This post is not about this guy teaching you water aerobics—>>

It is actually about that loud banging sound in your pipes often referred to as water hammer. This banging commonly happens whenever your washing machine or dishwasher stops filling and the valves close quickly. It can however also occur with faucets, toilets, and other fixtures. When the valve closes the flowing water in the pipe stops quickly and creates more pressure than your system is designed to handle and the energy produced  makes the pipe jump and bang against your houses framing or other structures.

Loosely secured pipes can make the water hammer problem worse. Less secured pipes vibrate more before striking against the frame. The hammering in addition to being aggravating to you is also bad for your pipes. The stress on the joints and pipes can lead to leaks.

How to stop banging pipes - secured pipe.How to Stop Water Hammer

There are two possible solutions to reducing or stopping water hammer.

1st solution: Securing the pipes.

In most cases it is easy to secure your loose pipes. You need to first find which appliance is causing the banging. To do this have someone turn on the water on the suspected appliance or fixture as you search for the pipe that is hammering.  The pipes are often in the basement or crawlspace.

If the pipes moves (more than a small vibration when the water backs up)  you need to add anchors to the pipe.  First secure the pipe to the floor, wall, or framing by adding appropriately sized pipe clamps or straps secure the pipe to the floor, wall or other wood framing. The clamps can be either metal or plastic but if using metal make sure they are the same material as the pipe in order to prevent corrosion.  It is a good idea if you are using straps to  add a piece of pipe insulation to help keep the pipe snug and add some shock absorption.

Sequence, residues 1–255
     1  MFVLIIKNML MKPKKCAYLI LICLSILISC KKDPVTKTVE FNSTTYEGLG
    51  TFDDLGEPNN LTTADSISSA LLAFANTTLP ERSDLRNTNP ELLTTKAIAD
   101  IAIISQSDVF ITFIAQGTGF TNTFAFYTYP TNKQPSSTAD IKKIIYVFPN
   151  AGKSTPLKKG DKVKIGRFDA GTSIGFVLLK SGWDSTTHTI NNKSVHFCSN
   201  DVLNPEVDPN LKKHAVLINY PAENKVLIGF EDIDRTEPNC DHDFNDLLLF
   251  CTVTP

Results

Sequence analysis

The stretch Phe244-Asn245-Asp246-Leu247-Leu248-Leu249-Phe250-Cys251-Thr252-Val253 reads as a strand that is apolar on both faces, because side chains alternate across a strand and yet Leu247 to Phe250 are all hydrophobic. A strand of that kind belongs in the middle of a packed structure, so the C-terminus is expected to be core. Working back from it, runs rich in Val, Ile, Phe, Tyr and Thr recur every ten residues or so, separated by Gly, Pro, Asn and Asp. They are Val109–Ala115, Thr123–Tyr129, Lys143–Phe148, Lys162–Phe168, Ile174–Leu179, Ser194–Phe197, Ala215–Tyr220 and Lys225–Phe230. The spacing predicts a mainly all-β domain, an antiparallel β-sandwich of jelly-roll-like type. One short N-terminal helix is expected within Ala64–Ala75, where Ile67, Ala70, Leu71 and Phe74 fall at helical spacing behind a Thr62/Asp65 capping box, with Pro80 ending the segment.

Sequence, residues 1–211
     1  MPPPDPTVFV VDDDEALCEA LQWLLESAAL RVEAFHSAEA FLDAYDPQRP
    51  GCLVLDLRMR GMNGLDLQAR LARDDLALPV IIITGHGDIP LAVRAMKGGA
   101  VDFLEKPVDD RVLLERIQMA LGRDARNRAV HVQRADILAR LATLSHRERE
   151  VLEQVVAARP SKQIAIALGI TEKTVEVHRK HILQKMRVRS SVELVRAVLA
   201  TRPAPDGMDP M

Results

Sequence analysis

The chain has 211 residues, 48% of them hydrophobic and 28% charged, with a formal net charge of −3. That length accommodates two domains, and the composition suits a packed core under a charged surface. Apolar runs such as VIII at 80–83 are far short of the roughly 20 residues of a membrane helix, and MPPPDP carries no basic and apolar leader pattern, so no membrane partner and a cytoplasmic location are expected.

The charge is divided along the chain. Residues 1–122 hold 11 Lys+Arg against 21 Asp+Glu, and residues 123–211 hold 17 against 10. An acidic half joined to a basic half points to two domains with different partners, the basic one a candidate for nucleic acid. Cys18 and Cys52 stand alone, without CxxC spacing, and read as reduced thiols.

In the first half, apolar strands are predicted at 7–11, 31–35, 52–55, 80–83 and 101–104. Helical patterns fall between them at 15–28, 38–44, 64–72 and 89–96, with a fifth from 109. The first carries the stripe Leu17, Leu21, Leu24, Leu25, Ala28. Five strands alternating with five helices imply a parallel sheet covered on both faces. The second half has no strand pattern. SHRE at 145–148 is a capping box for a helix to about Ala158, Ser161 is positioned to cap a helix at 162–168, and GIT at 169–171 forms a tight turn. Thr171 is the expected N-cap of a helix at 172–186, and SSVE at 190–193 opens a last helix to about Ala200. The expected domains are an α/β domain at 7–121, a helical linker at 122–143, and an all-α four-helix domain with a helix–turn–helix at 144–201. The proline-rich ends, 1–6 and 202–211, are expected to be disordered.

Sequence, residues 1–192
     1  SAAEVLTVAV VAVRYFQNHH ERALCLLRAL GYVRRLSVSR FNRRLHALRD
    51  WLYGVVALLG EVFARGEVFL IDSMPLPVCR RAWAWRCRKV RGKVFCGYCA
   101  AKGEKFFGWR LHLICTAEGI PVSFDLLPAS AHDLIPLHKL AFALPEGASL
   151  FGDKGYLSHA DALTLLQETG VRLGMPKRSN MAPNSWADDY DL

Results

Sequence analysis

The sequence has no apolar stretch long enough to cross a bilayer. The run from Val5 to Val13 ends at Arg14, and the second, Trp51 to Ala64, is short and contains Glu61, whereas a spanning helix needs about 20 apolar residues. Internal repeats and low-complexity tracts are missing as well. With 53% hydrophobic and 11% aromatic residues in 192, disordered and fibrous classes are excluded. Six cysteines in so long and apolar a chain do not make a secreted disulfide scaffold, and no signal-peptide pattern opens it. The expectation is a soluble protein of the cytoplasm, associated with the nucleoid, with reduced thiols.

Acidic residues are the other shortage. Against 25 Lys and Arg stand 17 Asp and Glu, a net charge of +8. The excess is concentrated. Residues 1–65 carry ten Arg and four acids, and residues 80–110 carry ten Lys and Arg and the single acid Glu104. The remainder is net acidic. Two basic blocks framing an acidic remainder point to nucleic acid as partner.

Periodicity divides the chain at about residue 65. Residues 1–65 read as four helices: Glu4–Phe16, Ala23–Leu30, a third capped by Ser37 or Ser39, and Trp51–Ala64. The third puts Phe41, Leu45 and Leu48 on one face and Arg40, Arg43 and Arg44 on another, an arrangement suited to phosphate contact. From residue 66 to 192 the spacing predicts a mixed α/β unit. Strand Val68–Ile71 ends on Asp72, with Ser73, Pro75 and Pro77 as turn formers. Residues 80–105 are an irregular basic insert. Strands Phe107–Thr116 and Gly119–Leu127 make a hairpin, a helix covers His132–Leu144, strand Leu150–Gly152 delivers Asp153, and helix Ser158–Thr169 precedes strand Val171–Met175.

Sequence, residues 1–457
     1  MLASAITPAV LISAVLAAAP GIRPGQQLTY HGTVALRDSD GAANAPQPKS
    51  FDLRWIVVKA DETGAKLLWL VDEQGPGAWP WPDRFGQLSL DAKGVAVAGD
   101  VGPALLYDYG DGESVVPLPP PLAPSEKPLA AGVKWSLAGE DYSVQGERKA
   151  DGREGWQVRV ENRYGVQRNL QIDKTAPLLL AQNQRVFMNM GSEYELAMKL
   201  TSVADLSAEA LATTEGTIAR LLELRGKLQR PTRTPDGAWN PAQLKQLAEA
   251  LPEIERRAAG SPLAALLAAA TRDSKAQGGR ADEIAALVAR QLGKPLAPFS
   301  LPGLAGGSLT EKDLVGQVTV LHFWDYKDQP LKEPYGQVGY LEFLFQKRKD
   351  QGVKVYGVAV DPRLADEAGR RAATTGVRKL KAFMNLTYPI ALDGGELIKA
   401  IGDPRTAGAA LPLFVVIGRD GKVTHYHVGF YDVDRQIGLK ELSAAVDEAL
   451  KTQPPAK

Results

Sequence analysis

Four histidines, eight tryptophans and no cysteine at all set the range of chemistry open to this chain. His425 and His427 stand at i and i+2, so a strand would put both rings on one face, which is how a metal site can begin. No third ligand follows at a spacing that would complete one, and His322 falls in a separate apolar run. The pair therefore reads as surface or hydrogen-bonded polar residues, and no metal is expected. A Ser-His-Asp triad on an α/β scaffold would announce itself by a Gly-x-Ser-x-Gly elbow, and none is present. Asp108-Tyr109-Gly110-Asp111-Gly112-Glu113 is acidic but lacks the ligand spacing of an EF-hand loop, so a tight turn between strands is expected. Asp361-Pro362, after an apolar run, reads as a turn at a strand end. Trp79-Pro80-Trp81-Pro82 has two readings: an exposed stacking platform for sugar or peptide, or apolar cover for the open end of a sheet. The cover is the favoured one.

Securing the pipes should fix any minor cases of water hammer. If it does not  you need  an arrestor.

2nd solution: Installing Water Hammer Arrestors

 Water hammer arrestors designed for easy installation are single-fixture units that use compression fittings for splicing into the supply line of individual fixtures and appliances. In the case of  faucets,toilets, and dishwashers, the arrestors can be installed  between the water supply line and the fixture’s shutoff valve or between the shutoff valve and the supply riser or tubing leading to the fixture.  For washing machines arrestors screw right in between the water hoses and the shutoff valves. Make sure to follow the manufacturer’s directions when installing arrestors on appliances with banging pipes. Appliances and fixtures that use  hot and cold water need an arrestor on each water line.

If needed you can get Arrestors designed for branch lines that can serve multiple fixtures or appliances. These come in solder-only, threaded and compression versions and must be sized and positioned correctly to work effectievly. Non-solder types can be replaced easily if the arrestor ever fails , but threaded arrestors still need a soldered fitting to screw into. Since branch water lines are usually concealed, standard arrestors should be installed by a licensed Greenville plumber.

In many upstate homes, securing the pipes and adding arrestors on specific fixtures is enough to stop most water hammer problems. If not, it’s time tocall a local Greenville Plumber.
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